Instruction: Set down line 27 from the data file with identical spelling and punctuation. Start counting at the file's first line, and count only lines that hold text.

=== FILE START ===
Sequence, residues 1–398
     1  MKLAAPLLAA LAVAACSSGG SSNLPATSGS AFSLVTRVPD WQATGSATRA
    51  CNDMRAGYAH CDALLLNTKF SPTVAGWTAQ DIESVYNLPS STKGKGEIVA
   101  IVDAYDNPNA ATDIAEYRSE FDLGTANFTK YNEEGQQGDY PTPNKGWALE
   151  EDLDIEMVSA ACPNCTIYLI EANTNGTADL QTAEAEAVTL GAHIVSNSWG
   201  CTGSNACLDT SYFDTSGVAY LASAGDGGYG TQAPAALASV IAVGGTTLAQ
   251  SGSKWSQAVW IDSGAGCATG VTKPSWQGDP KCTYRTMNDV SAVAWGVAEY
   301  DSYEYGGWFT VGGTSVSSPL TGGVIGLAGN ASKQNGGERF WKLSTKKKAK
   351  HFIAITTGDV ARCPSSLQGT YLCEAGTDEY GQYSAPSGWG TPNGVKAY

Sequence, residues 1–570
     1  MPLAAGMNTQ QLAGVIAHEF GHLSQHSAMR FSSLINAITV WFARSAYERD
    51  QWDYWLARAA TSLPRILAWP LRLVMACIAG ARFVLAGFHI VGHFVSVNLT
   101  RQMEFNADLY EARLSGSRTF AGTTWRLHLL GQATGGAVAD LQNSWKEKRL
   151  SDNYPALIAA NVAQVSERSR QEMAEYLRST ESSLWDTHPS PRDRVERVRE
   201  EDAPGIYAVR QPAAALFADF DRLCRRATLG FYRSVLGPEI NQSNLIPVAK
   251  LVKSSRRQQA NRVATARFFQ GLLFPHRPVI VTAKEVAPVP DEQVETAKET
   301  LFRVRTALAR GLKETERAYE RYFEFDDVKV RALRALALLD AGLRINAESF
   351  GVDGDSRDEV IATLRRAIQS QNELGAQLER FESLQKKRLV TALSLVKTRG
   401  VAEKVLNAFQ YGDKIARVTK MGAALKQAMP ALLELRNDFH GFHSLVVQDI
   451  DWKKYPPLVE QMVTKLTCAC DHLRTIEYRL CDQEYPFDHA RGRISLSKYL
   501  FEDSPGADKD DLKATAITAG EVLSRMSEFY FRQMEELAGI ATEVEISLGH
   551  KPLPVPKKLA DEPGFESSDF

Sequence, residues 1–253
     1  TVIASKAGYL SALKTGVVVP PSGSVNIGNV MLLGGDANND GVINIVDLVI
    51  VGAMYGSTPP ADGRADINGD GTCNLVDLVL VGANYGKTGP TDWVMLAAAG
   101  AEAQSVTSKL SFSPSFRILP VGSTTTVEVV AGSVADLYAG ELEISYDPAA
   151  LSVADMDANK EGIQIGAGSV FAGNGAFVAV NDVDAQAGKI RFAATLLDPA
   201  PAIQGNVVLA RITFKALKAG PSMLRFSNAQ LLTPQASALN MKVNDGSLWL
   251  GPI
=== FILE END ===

   151  LSVADMDANK EGIQIGAGSV FAGNGAFVAV NDVDAQAGKI RFAATLLDPA